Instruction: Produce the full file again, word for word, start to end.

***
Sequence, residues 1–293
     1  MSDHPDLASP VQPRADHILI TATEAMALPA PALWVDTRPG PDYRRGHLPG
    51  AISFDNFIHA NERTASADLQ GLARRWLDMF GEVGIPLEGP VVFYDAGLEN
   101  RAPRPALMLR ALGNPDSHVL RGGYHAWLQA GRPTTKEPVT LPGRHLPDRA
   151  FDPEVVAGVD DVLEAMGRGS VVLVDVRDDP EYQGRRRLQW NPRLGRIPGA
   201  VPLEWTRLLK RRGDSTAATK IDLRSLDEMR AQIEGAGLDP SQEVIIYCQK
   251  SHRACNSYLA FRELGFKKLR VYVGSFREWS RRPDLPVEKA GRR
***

Sequence, residues 1–293
     1  MSDHPDLASP VQPRADHILI TATEAMALPA PALWVDTRPG PDYRRGHLPG
    51  AISFDNFIHA NERTASADLQ GLARRWLDMF GEVGIPLEGP VVFYDAGLEN
   101  RAPRPALMLR ALGNPDSHVL RGGYHAWLQA GRPTTKEPVT LPGRHLPDRA
   151  FDPEVVAGVD DVLEAMGRGS VVLVDVRDDP EYQGRRRLQW NPRLGRIPGA
   201  VPLEWTRLLK RRGDSTAATK IDLRSLDEMR AQIEGAGLDP SQEVIIYCQK
   251  SHRACNSYLA FRELGFKKLR VYVGSFREWS RRPDLPVEKA GRR